Stay positive throughout your answer. You can begin by saying – “I have strong ethics while at work. When I have to meet some deadlines at work, I try to complete it within the stipulated time or ahead of that. While I was in my college…”

    4. What are your weaknesses?

    The question that follows is something you can amalgamate with your previous answer.

    Why this question:

    According to an interesting write-up on ‘The Business Insider‘, – What Hiring Managers Really Want To Know – the question is a test of character. If I were to liken it to an onion, it is a question with multiple layers, which can be peeled through for each of them.

    The first layer is obvious – there are looking for cues or red flags on why they should not hire you. Next, they are looking at your ability to be prepared and maintain composure in a difficult setting. They also want to know how self-aware you are and whether you’re doing anything to overcome them.

    What are they ‘really’ asking:

    Summarising the points given above, here are the real questions nestled within a broader ‘What are your weaknesses’.

    • Why should we not hire you?
    • How do you react in a pressure situation?
    • How self-aware are you?
    • Would your weaknesses impact your job performance?
    • What are you doing to improve on your weaknesses?
    How to Answer:

    Do not say that you don’t have any because that’s arrogant, overconfident, and practically not true! Instead, talk about your weaknesses and talk about how you are working towards eliminating them.

    Do not count waking up late, drinking, smoking, etc. as your weaknesses.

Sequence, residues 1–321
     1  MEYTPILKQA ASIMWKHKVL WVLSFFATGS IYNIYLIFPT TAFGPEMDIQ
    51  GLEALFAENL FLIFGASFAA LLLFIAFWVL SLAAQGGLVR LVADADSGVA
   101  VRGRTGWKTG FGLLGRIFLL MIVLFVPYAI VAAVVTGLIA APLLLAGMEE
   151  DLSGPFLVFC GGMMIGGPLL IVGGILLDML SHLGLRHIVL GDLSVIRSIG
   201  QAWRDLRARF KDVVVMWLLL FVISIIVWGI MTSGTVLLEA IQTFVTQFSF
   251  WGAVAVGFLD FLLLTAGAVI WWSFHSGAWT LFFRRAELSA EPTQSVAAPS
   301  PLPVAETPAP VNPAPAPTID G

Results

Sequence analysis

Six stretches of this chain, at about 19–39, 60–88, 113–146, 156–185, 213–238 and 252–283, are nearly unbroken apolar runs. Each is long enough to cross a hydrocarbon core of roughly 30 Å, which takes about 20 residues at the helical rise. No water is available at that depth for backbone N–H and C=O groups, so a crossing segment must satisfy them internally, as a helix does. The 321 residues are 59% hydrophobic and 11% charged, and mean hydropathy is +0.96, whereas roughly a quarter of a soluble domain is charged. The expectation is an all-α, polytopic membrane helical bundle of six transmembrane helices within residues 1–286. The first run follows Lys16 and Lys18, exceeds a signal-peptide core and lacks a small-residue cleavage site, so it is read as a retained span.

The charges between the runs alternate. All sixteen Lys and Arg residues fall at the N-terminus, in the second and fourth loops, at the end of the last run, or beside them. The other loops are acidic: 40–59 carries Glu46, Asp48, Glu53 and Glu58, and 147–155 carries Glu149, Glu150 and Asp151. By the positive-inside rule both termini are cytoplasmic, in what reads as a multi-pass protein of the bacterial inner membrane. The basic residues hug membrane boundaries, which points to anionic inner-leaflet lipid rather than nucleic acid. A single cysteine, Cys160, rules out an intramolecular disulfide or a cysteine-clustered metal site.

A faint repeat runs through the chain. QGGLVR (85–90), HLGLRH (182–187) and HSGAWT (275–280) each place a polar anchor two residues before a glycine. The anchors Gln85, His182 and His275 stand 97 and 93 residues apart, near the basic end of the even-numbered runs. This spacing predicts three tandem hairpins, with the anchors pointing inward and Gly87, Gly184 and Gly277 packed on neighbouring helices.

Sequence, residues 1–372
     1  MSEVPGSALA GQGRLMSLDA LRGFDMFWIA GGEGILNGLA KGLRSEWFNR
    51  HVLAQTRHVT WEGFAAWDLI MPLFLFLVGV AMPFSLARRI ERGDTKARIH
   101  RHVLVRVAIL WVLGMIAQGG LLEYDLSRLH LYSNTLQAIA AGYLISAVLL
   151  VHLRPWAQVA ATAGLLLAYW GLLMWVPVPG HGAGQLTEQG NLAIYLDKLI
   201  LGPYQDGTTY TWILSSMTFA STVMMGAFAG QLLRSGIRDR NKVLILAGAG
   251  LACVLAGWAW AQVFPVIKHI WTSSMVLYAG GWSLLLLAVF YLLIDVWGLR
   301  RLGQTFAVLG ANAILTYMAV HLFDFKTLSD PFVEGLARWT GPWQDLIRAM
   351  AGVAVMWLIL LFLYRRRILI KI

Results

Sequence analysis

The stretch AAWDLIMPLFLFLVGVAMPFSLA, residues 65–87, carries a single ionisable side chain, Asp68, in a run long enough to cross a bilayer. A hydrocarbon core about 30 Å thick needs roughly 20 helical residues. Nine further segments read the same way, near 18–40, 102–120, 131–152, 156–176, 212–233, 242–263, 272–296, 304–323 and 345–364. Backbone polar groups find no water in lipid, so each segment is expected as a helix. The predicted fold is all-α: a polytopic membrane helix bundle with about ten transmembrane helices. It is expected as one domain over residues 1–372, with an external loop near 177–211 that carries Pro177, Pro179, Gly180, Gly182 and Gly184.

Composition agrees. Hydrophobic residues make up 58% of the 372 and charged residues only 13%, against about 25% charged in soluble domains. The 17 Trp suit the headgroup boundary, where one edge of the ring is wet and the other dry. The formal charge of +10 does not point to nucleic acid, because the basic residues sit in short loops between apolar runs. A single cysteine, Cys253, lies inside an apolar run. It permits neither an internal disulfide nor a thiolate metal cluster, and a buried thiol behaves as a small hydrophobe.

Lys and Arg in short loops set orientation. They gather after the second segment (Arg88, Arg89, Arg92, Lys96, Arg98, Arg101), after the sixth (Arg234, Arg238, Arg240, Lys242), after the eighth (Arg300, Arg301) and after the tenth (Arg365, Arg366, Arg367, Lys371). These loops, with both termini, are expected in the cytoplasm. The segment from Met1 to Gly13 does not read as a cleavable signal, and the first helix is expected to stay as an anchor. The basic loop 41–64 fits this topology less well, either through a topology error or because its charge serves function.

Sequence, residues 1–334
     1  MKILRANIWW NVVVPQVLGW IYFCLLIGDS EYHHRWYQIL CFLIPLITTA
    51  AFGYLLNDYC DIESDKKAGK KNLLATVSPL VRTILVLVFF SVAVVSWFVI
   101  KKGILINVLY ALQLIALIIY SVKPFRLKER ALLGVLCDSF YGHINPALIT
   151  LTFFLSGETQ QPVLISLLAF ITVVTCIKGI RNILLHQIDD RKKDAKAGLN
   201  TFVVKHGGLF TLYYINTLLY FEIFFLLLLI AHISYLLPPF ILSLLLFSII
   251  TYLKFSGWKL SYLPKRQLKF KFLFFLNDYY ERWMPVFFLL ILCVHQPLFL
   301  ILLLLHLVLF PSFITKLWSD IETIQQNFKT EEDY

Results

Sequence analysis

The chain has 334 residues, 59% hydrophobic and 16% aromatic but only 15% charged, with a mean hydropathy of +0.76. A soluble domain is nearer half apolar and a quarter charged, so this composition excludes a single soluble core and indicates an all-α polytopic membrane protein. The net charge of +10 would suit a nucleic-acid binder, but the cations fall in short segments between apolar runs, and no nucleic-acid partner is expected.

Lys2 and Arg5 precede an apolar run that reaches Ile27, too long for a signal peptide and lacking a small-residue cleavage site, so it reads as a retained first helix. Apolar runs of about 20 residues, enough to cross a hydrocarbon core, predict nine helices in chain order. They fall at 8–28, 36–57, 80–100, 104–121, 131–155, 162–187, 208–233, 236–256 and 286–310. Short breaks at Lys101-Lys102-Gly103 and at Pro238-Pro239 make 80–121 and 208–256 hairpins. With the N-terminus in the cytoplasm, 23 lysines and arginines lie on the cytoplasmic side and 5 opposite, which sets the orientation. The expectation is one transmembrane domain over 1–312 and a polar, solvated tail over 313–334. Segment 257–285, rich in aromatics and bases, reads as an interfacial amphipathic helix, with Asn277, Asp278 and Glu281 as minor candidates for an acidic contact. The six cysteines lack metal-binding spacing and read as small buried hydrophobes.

5. What are your long-term goals? What are your short-term goals?

    Know how to answer the fresher interview question about your career goals. (Image; Flexjobs)

    This is to check your commitment towards the job. A casual query like this can turn into a probe into your maturity and the levels of dedication you maintain towards your overall work graph.

    Why this question:

    From a recruiter’s perspective, the job interview is the best time to get focused information from a candidate, which will help them make a decision about them. Asking about their goals, both short-term and long-term goals, helps these recruiters understand where they are coming from and what plans they have for their lives.

    What are they ‘really’ asking:

    This also lets them decide whether the candidate would be a good hire and would stay in the company. What motivates them and where would they go, if they face an opportunity in line with those goals – both internally and externally.

    How to Answer:

    Haven’t thought about your future, five years down the line, let alone in the coming six months? Start thinking. This is how you can answer this fresher interview question.

    • Think of what you want to do in 6 months, 1 year, 5 years
    • Include the Company in your plans
    • Begin explaining short-term goals.
    • Include long-term goals, but don’t talk about salary or explicit details

    So, don’t say you want to earn a lot of money and then run away to Prague. Yes, there are interviewees casual enough to answer that. On the other hand, don’t say your long-term goal would be getting “your chair” (the interviewers). That will pretty much take away the job from you.